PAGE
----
There have been some interesting cases in the past year. Ones where, with counsel involved, outcomes might have been very different, but that doesn't necessarily mean that justice would have been better served. Two examples in this blog of how justice may have been better served due to a lack of counsel.
I've seen a good number of cases in the past year where leave to remove applications have failed, not because of the non-resident parent's argument, but by the self-representing, relocating parent's dumb ass stupidity. Others where contact disputes were nipped in the bud at the First Hearing and Dispute Resolution Appointment.
Counsel's rights of audience helps reduce the risk of the litigant-in-person putting their size seven firmly in their mouth. Counsel's rights of audience limits the amount of time a litigant speaks, the main risk of such unfettered dialogue being kept to emotionally charged, contradictory, malicious, irrational, possessive or sheer dumb comments under cross-examination or being made to CAFCASS... but does that serve justice, or obscure potential evidence and greater examination of motive?
Balancing this point is that too little allowance is sometimes given for the stress of proceedings on people's actions in court. Also, it's wise to listen to Mostyn's advice that people do act badly when they separate, and if they didn't, they'd probably still be in a relationship. People can do 'dumb-ass' things, but that doesn't necessarily mean they're bad parents, just human. There has to be balance, and courts should be hesitant in holding that a parties' casual or thoughtless words truly represent their parenting styles unencumbered by the stress of proceedings. It's easy for those familiar with court to forget how unfamiliar surroundings, hurt at a relationship ending, fear about your relationship with your child being severed, anger at false allegations... all add chilli to the emotional soup of separation.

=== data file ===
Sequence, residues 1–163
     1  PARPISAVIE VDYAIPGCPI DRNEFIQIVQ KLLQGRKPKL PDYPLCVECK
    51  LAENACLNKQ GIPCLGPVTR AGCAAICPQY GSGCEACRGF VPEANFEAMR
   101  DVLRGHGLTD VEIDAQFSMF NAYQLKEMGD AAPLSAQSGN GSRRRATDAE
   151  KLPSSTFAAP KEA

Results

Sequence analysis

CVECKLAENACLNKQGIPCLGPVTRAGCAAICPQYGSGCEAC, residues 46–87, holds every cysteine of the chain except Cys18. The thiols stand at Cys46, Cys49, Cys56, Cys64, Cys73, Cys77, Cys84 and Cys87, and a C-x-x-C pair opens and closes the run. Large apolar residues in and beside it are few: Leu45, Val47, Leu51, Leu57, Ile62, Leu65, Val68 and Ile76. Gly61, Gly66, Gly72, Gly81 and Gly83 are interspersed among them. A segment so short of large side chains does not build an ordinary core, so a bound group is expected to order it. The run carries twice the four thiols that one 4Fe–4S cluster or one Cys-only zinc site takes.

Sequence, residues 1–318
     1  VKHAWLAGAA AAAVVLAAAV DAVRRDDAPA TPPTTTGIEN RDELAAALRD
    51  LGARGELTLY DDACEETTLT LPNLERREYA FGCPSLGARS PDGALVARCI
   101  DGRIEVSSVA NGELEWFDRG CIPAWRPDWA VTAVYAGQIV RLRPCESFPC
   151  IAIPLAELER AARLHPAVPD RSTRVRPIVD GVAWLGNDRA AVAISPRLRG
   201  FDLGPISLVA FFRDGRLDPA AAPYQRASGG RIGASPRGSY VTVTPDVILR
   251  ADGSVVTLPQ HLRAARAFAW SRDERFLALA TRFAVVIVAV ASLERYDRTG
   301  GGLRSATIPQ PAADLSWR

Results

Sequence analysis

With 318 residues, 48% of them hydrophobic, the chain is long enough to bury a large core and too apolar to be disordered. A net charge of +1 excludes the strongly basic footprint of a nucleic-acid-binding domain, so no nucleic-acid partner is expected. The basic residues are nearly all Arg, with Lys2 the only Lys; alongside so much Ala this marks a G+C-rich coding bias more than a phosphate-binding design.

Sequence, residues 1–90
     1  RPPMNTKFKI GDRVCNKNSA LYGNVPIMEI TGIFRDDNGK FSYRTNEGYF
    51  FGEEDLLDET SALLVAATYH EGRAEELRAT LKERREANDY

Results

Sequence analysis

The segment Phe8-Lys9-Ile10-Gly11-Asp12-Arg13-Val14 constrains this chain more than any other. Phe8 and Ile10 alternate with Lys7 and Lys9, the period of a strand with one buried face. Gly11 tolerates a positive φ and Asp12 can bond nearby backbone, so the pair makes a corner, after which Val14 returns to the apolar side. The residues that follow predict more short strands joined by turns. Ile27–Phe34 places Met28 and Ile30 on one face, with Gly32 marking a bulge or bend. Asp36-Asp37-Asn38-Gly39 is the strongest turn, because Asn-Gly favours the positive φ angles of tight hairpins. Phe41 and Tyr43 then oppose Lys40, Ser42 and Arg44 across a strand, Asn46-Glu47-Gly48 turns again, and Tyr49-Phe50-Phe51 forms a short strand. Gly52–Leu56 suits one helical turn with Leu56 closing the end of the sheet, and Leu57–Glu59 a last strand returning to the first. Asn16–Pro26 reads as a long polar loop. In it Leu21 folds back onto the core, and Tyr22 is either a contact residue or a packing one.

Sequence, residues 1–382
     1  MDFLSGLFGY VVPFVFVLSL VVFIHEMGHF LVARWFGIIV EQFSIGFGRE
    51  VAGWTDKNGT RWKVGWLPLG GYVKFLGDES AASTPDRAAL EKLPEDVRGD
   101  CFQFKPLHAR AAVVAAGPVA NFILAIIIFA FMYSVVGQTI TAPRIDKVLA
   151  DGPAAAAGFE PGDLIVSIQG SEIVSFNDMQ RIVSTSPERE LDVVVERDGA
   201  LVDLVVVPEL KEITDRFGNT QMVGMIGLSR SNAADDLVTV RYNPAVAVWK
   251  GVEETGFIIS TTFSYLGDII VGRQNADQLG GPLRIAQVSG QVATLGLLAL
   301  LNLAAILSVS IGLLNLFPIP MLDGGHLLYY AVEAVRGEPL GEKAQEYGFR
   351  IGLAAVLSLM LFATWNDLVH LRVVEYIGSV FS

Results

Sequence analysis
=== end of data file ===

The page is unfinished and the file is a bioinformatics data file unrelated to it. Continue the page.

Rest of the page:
Sir Nicholas wall, back in 2010, said that family court decisions were based on analysis of fact. I disagreed. When a judge's evidence includes his/her analysis of the parties' demeanour in court, there's a healthy element of subjective interpretation. When one adds the less stringent and unipolar test for evidence... what is probable rather than what is beyond reasonable doubt (lacking the option of 'unproven'), it's hard to argue that the determination of fact is a precise science. That's not a criticism per se, just a factual observation. Litigants are well reminded that their demeanour in court is an important factor in outcome.